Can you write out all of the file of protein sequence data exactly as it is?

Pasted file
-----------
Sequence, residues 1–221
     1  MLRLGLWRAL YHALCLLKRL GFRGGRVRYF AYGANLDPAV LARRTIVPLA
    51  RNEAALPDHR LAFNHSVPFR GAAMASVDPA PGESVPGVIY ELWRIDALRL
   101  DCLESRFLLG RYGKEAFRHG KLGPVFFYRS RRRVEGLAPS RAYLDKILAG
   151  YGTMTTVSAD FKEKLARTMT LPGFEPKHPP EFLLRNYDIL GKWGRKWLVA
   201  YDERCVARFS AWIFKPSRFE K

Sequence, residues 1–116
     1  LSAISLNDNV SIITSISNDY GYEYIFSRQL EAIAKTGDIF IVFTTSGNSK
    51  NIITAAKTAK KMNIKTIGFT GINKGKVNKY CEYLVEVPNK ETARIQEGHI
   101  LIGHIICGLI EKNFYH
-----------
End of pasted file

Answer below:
Sequence, residues 1–221
     1  MLRLGLWRAL YHALCLLKRL GFRGGRVRYF AYGANLDPAV LARRTIVPLA
    51  RNEAALPDHR LAFNHSVPFR GAAMASVDPA PGESVPGVIY ELWRIDALRL
   101  DCLESRFLLG RYGKEAFRHG KLGPVFFYRS RRRVEGLAPS RAYLDKILAG
   151  YGTMTTVSAD FKEKLARTMT LPGFEPKHPP EFLLRNYDIL GKWGRKWLVA
   201  YDERCVARFS AWIFKPSRFE K

Sequence, residues 1–116
     1  LSAISLNDNV SIITSISNDY GYEYIFSRQL EAIAKTGDIF IVFTTSGNSK
    51  NIITAAKTAK KMNIKTIGFT GINKGKVNKY CEYLVEVPNK ETARIQEGHI
   101  LIGHIICGLI EKNFYH